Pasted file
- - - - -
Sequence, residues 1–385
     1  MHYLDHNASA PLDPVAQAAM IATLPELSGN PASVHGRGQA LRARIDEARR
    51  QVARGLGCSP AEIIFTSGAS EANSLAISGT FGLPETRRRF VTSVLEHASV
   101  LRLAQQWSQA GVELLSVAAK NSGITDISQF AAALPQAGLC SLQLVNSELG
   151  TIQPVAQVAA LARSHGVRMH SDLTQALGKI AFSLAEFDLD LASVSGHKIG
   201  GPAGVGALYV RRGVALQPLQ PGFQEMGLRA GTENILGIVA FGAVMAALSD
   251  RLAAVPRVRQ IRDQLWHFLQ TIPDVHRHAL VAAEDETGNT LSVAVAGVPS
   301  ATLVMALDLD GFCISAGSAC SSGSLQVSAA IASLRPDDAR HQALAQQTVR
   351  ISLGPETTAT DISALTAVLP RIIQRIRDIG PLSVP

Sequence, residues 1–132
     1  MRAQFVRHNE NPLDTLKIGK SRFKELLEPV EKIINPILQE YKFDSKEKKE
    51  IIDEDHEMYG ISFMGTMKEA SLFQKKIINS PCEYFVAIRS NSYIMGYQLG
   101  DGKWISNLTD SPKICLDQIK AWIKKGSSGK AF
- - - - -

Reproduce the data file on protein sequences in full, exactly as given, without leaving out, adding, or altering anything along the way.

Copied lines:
Sequence, residues 1–385
     1  MHYLDHNASA PLDPVAQAAM IATLPELSGN PASVHGRGQA LRARIDEARR
    51  QVARGLGCSP AEIIFTSGAS EANSLAISGT FGLPETRRRF VTSVLEHASV
   101  LRLAQQWSQA GVELLSVAAK NSGITDISQF AAALPQAGLC SLQLVNSELG
   151  TIQPVAQVAA LARSHGVRMH SDLTQALGKI AFSLAEFDLD LASVSGHKIG
   201  GPAGVGALYV RRGVALQPLQ PGFQEMGLRA GTENILGIVA FGAVMAALSD
   251  RLAAVPRVRQ IRDQLWHFLQ TIPDVHRHAL VAAEDETGNT LSVAVAGVPS
   301  ATLVMALDLD GFCISAGSAC SSGSLQVSAA IASLRPDDAR HQALAQQTVR
   351  ISLGPETTAT DISALTAVLP RIIQRIRDIG PLSVP

Sequence, residues 1–132
     1  MRAQFVRHNE NPLDTLKIGK SRFKELLEPV EKIINPILQE YKFDSKEKKE
    51  IIDEDHEMYG ISFMGTMKEA SLFQKKIINS PCEYFVAIRS NSYIMGYQLG
   101  DGKWISNLTD SPKICLDQIK AWIKKGSSGK AF